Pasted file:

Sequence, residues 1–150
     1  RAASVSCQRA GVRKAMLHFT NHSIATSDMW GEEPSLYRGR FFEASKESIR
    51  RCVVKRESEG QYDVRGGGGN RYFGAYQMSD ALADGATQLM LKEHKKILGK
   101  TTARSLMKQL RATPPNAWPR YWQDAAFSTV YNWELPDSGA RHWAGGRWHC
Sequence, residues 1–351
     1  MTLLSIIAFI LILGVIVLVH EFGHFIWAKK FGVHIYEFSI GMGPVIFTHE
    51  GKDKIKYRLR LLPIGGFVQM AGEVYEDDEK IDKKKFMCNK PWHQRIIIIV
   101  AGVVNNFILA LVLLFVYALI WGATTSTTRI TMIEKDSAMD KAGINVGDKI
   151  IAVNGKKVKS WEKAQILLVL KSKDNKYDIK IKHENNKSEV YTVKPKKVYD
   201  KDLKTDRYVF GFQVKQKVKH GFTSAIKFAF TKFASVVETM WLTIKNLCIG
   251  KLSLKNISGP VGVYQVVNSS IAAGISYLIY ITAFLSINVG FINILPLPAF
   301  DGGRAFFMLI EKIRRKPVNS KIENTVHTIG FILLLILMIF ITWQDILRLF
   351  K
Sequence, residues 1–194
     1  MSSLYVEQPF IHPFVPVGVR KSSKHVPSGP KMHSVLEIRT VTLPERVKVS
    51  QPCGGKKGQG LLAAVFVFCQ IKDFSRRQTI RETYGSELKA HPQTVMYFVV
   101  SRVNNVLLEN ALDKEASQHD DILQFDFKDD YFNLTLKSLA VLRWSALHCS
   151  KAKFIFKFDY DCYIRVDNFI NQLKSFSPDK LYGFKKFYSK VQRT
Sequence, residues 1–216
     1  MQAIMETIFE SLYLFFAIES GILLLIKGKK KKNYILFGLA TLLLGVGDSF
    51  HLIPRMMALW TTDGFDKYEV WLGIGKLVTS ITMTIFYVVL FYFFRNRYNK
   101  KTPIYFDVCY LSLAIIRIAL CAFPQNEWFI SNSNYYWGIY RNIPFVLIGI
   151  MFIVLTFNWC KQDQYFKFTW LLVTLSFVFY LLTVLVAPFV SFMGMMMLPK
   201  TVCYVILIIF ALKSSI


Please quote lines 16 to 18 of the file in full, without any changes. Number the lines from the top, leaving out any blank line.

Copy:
    51  QPCGGKKGQG LLAAVFVFCQ IKDFSRRQTI RETYGSELKA HPQTVMYFVV
   101  SRVNNVLLEN ALDKEASQHD DILQFDFKDD YFNLTLKSLA VLRWSALHCS
   151  KAKFIFKFDY DCYIRVDNFI NQLKSFSPDK LYGFKKFYSK VQRT